Coca-Cola's dancing vending machine.

Vending machines have a different meaning in many Asian countries than they do here in the United States, often taking on the tasks of supplying far more than basic drinks and fast food needs. But the influences from Japan’s vending machine culture in particular has made its way into cool collaborations in the States in many ways, from Quiksilver’s collab with The Standard Hotels delivering retro board shorts via vending machine, to Uniqlo’s fun T-shirt-in-a-tube campaign, to Pepsi’s “social” vending machine campaign called Random Acts of Refreshment.

Coca-Cola has taken their vending machine marketing concepts to new heights in Korea with the recent launch of a machine that inspires dance moves in exchange for a Coke.

Capitalizing on the phenomenon of Dance Dance Revolution, the video game that charmed an entirely new generation of gamers to imitate dance moves, the vending machine prompts customers to watch various moves done to music from the pop boy-band 2PM. If the viewer’s moves are deemed good enough by the vending machine, the players get a cold refreshment as a gift.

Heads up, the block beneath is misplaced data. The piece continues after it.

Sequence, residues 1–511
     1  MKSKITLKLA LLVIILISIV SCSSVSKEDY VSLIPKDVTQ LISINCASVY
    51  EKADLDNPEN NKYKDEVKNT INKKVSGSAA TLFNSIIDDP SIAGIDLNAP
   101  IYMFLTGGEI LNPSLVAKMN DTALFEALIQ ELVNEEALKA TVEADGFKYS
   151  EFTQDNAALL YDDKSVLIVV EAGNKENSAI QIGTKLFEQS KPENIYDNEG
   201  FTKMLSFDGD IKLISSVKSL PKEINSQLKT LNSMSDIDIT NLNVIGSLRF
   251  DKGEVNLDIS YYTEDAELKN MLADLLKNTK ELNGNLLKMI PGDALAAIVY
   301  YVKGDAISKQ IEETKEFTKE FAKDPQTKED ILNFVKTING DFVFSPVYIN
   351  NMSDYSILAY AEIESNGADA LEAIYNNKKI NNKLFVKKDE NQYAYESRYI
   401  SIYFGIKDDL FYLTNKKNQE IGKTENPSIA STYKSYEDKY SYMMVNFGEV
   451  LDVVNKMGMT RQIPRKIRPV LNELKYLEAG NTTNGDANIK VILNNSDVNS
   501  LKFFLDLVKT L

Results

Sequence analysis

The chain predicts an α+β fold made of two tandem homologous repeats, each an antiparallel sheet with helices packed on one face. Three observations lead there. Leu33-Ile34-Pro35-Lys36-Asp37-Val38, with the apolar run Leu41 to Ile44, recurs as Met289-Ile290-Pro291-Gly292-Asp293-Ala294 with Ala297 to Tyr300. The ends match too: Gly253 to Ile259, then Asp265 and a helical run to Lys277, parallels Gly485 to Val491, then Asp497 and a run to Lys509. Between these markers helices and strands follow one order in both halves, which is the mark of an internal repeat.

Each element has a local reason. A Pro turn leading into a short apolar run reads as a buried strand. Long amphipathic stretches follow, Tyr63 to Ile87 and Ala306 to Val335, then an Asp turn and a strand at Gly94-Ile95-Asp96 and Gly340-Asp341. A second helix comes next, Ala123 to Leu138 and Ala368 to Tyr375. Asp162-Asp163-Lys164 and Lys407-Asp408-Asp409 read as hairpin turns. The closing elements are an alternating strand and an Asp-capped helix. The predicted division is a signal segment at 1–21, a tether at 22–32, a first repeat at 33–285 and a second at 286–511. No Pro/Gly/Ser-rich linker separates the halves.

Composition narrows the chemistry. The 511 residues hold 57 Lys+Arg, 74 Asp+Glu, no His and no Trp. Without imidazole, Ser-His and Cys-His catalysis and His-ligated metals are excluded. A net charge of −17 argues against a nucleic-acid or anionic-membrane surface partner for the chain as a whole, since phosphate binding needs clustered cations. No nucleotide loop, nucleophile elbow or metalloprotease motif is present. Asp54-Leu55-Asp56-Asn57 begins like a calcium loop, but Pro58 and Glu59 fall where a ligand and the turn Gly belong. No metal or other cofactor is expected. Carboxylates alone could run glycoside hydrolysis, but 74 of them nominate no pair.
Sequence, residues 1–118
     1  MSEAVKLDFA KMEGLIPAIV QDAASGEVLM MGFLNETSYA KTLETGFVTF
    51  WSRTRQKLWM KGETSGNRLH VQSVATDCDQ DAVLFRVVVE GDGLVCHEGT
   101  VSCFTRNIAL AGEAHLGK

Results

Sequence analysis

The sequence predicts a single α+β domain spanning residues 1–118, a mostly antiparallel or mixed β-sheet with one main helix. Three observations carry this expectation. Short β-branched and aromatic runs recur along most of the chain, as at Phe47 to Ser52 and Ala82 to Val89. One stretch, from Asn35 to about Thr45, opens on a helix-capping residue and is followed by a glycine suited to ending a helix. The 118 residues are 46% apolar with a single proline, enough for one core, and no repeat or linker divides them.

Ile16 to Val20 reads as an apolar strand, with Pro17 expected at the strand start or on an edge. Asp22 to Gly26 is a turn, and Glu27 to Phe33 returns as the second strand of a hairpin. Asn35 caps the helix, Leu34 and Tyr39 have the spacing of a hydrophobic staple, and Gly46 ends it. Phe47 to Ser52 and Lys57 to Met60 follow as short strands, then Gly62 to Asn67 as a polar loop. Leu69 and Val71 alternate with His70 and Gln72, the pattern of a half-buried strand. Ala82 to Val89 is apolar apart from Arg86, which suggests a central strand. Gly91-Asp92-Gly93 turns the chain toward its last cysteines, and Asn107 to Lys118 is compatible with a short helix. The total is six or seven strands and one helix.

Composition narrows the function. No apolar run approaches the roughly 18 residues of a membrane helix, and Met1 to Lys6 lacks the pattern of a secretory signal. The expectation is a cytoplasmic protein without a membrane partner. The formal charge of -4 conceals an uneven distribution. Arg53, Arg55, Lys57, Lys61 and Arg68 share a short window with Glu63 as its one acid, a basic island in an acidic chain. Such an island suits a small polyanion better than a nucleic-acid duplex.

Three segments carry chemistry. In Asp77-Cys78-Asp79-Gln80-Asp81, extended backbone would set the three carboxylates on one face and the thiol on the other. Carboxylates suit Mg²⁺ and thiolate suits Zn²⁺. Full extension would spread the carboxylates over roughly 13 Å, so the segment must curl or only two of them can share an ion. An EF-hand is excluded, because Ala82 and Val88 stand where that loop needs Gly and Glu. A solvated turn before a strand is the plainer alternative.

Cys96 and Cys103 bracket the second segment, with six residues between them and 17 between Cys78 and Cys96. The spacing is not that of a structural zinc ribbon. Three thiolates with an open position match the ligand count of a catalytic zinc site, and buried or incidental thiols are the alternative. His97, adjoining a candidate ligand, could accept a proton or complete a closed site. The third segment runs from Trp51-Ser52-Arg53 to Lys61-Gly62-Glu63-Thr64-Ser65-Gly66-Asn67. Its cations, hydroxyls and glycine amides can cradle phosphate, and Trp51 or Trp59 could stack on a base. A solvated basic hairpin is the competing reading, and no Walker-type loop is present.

2PM the boy-band backs the music tracks to the Coke campaign.

Coke set-up their first dancing vending machine in a theater area in Korea which was an ideal location for others to watch the dancers interacting with the vending machine. What’s also pretty cool about this video is how some of dancers not only imitated the machine’s moves, but broke out into their own improvisational dance routines that got the growing audience stoked as well.

Obviously, this is a clever marketing campaign for Coca-Cola, and probably one that we’ll see imitated in various other youth culture markets in the near future.

Check out the video.